Accumulating evidence reports that dysregulated lncRNA is related to OS patient outcomes and affected the cancer progress. Yu et al.30 found that lncRNA taurine upregulated gene 1 (TUG1) promotes OS cell metastasis by mediating the miR-143-5p/HIF-1α pathway. Wang et al.31 revealed that lncRNA small nucleolar RNA host gene 16 (SNHG16) was highly expressed in OS and contributed to the growth of OS by promoting BCL9 expression via sponging miR-1301. Zhang et al.32 demonstrated that elevated long intergenic non-coding RNA 161 (LINC00161) reversed the cisplatin-resistant phenotype of OS cells by upregulating interferon-induced protein with tetratricopeptide repeats 2 (IFIT2). In this study, we discovered upregulated lncRNA KCNQ1OT1 in OS cell lines and tissues. In addition, KCNQ1OT1 promoted OS growth in vivo and also repressed apoptosis and stimulated cell proliferation in vitro. However, KCNQ1OT1 knockdown had little effect on the growth of the normal human osteoblast cell line hFOB1.19 (Supplementary Fig. 6a–c). Our findings revealed that KCNQ1OT1 was oncogenic and played a specific role in the occurrence and progression of OS.
LncRNA KCNQ1OT1 has been reported to be involved in cancer cell chemoresistance, growth, and invasion in a cell-type dependent manner33. In cholangiocarcinoma (CCA), KCNQ1OT1 was highly expressed and acted as a ceRNA to improve CCA proliferation and invasion by regulating the miR-140-5p/SOX4 axis34. Previous work demonstrated that KCNQ1OT1 inhibited the chemosensitivity to cisplatin (CDDP) through upregulation of KCNQ1OT1 via DNA methyltransferase (DNMT) in OS cell line MG-6335. In our study, we also showed that treatment of CDDP or sh-KCNQ1OT1 facilitated apoptosis of 143B and U-2OS cells, and the combination of CDDP and sh-KCNQ1OT1 enhanced this function (Supplementary Fig. 6d, e). More importantly, we elucidated the role of the KCNQ1OT1 in metabolic alterations in OS cells. We reported that silencing KCNQ1OT1 significantly decreased aerobic glycolysis and increased mitochondrial respiration in OS cells.
Increased aerobic glycolysis (the Warburg effect) facilitates cancer cell growth and survival, especially by providing more intermediates for many biosynthetic pathways and adapting to a hypoxic condition36,37,38,39. Therefore, targeting glycolysis has been demonstrated to be an effective method for controlling tumor growth and enhancing anticancer therapies. However, little is known about the role of lncRNA in glucose metabolism reprogramming in cancer cells. In this study, we report that KCNQ1OT1 is a novel promoter of the Warburg effect in OS by sponging miR-34c-5p, which directly targets the 3ʹUTR of ALDOA, a critical glycolytic enzyme.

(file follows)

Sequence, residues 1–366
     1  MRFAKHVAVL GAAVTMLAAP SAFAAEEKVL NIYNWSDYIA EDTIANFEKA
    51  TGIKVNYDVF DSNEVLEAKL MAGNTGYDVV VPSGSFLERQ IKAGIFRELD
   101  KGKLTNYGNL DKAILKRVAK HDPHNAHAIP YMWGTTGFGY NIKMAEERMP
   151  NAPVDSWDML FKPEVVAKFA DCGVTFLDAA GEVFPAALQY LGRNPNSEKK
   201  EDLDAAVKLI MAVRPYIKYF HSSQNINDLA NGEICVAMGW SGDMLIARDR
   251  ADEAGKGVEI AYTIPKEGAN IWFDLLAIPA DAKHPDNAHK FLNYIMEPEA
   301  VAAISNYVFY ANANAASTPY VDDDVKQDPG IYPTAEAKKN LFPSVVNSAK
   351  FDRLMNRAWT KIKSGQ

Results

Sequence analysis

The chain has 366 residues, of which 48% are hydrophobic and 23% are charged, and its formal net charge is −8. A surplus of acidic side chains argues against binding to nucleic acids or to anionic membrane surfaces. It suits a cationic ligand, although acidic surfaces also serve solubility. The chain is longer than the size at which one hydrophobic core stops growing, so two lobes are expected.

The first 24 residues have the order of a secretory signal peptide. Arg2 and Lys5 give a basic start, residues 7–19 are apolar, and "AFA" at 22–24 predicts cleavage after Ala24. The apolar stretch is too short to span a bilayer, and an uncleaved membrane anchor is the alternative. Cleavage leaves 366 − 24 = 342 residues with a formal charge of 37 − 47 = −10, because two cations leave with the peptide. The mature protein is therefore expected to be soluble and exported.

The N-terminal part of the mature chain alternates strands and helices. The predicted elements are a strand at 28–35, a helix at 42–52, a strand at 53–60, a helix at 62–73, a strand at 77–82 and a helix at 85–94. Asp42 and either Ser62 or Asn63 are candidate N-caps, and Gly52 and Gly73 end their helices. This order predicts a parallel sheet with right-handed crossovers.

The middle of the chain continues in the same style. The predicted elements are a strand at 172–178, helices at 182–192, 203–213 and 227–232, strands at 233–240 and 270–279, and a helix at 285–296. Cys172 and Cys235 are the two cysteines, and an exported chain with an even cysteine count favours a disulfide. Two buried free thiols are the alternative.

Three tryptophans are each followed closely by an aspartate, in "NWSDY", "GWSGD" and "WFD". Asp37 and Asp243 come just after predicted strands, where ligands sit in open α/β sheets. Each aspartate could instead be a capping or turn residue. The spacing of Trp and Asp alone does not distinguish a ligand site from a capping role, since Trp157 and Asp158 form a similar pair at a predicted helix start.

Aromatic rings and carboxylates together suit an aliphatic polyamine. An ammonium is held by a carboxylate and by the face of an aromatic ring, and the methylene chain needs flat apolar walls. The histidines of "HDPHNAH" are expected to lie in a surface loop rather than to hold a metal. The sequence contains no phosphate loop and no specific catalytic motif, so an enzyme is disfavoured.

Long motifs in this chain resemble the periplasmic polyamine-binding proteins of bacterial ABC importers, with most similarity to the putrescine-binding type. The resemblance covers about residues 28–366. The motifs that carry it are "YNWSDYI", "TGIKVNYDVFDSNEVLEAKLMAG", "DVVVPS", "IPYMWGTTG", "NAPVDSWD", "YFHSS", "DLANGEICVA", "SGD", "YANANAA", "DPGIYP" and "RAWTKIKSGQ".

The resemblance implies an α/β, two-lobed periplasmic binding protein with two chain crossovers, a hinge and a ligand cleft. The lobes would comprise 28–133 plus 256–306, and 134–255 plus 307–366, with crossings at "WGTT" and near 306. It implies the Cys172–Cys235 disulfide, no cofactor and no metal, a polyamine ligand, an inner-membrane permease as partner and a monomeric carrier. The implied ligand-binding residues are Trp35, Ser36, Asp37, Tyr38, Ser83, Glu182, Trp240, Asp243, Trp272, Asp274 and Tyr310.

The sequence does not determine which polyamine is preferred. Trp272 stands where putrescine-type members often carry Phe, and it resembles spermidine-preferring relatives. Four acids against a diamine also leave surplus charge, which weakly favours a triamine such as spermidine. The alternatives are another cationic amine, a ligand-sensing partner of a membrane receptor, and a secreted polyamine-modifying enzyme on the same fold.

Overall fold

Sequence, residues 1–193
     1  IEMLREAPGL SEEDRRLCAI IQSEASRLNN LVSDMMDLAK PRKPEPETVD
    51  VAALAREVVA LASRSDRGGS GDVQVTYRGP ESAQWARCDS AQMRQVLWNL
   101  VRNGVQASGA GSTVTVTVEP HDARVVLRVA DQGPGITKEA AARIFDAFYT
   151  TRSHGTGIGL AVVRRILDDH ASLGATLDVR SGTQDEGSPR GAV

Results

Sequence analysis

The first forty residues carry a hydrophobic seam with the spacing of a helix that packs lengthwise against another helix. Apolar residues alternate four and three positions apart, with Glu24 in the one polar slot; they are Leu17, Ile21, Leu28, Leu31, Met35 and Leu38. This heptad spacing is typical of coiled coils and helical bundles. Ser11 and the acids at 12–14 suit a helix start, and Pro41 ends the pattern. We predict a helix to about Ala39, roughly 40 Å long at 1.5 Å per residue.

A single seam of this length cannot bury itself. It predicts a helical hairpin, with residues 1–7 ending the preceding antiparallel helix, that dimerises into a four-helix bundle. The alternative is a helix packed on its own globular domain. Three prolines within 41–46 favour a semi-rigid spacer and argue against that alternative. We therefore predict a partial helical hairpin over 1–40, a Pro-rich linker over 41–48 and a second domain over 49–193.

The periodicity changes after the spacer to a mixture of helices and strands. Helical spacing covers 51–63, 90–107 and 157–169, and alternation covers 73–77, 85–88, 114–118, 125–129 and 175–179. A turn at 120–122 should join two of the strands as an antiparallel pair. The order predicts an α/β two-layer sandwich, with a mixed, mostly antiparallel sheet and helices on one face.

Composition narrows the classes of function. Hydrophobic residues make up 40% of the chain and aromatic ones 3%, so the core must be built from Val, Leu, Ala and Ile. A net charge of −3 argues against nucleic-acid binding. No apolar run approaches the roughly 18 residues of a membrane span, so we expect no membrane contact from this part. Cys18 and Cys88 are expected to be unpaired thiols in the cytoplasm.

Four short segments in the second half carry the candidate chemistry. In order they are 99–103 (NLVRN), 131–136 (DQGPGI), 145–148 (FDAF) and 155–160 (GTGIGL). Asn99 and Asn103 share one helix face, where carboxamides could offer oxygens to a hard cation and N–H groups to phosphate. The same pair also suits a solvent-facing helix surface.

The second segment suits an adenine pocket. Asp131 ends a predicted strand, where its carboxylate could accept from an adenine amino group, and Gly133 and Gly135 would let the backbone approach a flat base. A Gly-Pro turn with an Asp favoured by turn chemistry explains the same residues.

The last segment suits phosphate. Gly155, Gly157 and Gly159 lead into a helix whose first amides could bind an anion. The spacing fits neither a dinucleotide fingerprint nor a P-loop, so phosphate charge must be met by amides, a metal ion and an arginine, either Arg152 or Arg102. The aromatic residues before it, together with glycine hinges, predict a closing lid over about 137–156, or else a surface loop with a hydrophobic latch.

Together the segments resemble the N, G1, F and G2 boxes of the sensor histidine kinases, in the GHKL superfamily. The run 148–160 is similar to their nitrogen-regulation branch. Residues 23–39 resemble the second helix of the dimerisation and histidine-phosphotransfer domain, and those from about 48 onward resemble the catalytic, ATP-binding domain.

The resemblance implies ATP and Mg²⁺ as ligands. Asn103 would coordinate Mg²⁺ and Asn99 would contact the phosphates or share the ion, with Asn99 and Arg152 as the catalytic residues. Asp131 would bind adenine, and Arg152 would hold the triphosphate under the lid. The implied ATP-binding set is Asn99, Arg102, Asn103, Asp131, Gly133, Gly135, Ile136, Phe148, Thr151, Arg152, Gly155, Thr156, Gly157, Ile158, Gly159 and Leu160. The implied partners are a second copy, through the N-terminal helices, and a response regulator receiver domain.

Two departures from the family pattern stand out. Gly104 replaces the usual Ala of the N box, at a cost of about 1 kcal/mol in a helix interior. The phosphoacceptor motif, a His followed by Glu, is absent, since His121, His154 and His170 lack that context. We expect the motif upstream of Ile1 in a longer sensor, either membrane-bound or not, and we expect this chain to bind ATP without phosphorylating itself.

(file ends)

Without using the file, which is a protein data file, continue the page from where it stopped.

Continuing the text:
ALDOA catalyzes the reversible conversion of fructose-1,6-bisphosphate to glyceraldehyde-3-phosphate (GAP) and dihydroxyacetone phosphate (DHAP)40. It is widely accepted that ALDOA is highly expressed and is correlated with poor survival outcomes in many kinds of harmful cancers10,11,12,13. We also found that ALDOA is upregulated in OS cells and tissues and related with worse overall survival rates. Our findings indicated that ALDOA contributed to the Warburg effect and enhanced growth of OS cells but not hFOB1.19 cells (Supplementary Fig. 6f–j).
In conclusion, our study identified KCNQ1OT1 as an oncogene that was highly expressed in OS. We suggest an important role for KCNQ1OT1 in glucose metabolism reprogramming via competitively binding miR-34c-5p to facilitate ALDOA expression in OS. These findings imply that KCNQ1OT1 may be a potential clinical therapeutic target for patients with OS.
Materials and methods
Two human osteosarcoma cell lines (MG63 and Saos-2) and human osteoblast hFOB1.19 cells were provided by the Cell Bank of the Chinese Academy of Sciences (Shanghai, China). The human osteosarcoma U-2OS and 143B cell lines were obtained from the American Type Culture Collection (ATCC, Manassas, VA, USA). Mycoplasma contamination testing was performed using Mycoplasma genus-specific PCR. Each cell line passed the DNA profiling (STR) test. All of the cell lines were cultured on the basis of ATCC protocols. MG63, Saos-2, U-2OS, and 143B were incubated in a 5% CO2 atmosphere at 37 °C. Moreover, the hFOB1.19 cells were cultured in a 5% CO2 atmosphere at 34.5 °C.
Quantitative RT-PCR (qRT-PCR)
Total RNA from the cells was extracted and reverse transcribed as described before41. Real-time PCR analyses for miRNA or mRNA were performed on a 7500 Real-time PCR system (Applied biosystems) as previously described42. β-actin and U6 served as internal controls. All primers were listed in Supplementary Table 1.